Four of the poorest, most maligned places in America have become beacons of hope—and burgeoning centers of trust, in people and local government—since going broke in the Great Recession. How did they pull themselves up from an especially low point, and what can the rest of the country learn from them?
This was the subject of 2023 Zócalo Book Prize winner Michelle Wilde Anderson’s The Fight to Save the Town: Reimagining Discarded America, which we honored last night as the year’s best nonfiction book exploring community and social connection at the Zócalo Book and Poetry Prize event.
Held at the ASU California Center in downtown Los Angeles, the program, which also streamed live online, began with a virtual reading by this year’s Zócalo Poetry Prize winner, Paige Buffington, of “From 20 Miles Outside of Gallup, Holbrook, Winslow, Farmington, or Albuquerque.” Then, philanthropist Tim Disney—the sponsor of the program and both prizes—took the stage, where he lauded The Fight to Save the Town as “a moving and important document, and a timely one.”
Anderson received $10,000 in prize money and a pre-solved Rubik’s Cube, emblazoned with the Zócalo logo, for winning this year’s book prize. She announced she would be keeping the Rubik’s Cube, but donating all of her winnings to four organizations she wrote about in her book, and to South L.A.’s Community Coalition. “Because if this book moved anybody, that is because, above all, these people moved me,” she said.
During the 13th annual Zócalo Book Prize lecture, Anderson shared stories from the four places she wrote about: Stockton, California, Josephine County, Oregon, Detroit, Michigan, and Lawrence, Massachusetts. Since the 1980s, these towns and cities and others like them—often older, industrial cities with decaying housing and infrastructure, and high levels of environmental contamination—have grown poorer because of disinvestment from state and federal government and poorer tax bases.
“These cities are broke in part because they’re poor, and their people stay poor in part because their governments are broke,” said Anderson. “This is actually the start of a larger, vicious cycle of decline in which the conditions of poverty undermine the basic trust that is needed for human cooperation.”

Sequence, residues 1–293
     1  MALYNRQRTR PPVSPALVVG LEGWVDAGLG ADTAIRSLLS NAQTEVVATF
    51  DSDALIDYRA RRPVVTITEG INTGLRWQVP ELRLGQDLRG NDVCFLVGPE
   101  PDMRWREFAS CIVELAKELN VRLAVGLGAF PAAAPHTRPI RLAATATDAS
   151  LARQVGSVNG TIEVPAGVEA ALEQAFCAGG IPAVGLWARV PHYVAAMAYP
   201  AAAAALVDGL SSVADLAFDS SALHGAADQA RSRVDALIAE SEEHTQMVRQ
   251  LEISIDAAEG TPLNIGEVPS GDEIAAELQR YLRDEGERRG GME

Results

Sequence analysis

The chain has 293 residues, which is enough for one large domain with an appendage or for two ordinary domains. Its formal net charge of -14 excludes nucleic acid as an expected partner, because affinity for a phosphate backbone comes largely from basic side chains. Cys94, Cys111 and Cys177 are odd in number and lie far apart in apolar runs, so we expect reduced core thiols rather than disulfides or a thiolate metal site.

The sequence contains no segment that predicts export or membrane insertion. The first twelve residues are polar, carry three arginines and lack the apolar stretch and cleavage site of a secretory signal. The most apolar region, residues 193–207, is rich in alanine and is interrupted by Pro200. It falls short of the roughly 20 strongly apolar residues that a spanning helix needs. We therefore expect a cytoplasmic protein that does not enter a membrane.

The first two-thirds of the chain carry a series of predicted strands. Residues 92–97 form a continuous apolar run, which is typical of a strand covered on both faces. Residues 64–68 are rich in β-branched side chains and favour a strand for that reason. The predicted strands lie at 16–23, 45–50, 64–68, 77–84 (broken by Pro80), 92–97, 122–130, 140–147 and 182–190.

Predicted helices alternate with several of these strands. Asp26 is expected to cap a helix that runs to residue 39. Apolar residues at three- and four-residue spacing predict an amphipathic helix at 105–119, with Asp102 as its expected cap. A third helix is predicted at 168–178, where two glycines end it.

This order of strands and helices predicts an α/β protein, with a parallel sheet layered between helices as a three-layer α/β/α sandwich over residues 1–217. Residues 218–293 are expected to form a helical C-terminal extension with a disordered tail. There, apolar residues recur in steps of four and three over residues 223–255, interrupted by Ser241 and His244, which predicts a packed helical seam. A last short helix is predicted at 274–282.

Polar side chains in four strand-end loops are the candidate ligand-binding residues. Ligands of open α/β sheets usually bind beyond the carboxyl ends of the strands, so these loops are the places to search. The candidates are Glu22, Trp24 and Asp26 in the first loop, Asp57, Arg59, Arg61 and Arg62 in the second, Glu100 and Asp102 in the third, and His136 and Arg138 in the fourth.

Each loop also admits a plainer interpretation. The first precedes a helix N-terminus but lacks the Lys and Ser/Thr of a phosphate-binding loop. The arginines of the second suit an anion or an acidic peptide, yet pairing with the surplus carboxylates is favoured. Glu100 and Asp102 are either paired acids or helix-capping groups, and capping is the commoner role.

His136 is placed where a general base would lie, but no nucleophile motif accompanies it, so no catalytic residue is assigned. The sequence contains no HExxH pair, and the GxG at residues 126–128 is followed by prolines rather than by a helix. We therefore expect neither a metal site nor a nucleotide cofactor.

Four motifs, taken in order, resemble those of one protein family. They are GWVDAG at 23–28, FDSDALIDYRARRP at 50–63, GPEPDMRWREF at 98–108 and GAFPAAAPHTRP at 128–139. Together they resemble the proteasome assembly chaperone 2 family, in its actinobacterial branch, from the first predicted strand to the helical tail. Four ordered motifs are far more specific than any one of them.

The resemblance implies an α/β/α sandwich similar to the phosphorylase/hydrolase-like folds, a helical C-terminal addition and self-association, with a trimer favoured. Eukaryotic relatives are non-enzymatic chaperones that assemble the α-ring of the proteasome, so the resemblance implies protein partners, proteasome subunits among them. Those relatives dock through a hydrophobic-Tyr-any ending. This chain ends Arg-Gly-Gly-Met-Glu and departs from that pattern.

‘These cities are broke in part because they’re poor, and their people stay poor in part because their governments are broke … This is actually the start of a larger, vicious cycle of decline in which the conditions of poverty undermine the basic trust that is needed for human cooperation.’
But in each place, she found examples of how people and institutions are facing this vicious cycle and finding ways to work together to break out of it. In Stockton, that meant addressing the trauma and mental health effects of violence, segregation, and intergenerational poverty. In Josephine County—one of the most anti-government places in America—that meant saving public services by convincing angry, skeptical voters that it’s possible to build cooperation and trust in government. In Detroit, that meant fighting foreclosures and speculators, and putting property back into local hands. And in Lawrence, that meant forming strong, pan-Latino networks to help residents in the 21st-century economy make a living wage.
“All of these efforts add up to social repair,” said Anderson.
Following the lecture, Alberto Retana, president and CEO of South L.A.’s Community Coalition—which, like many of the organizations in Anderson’s book, engages in ground-up, locally focused work—joined her on stage to talk about The Fight to Save the Town’s inspirations, and how to apply some of its lessons to other communities around the country.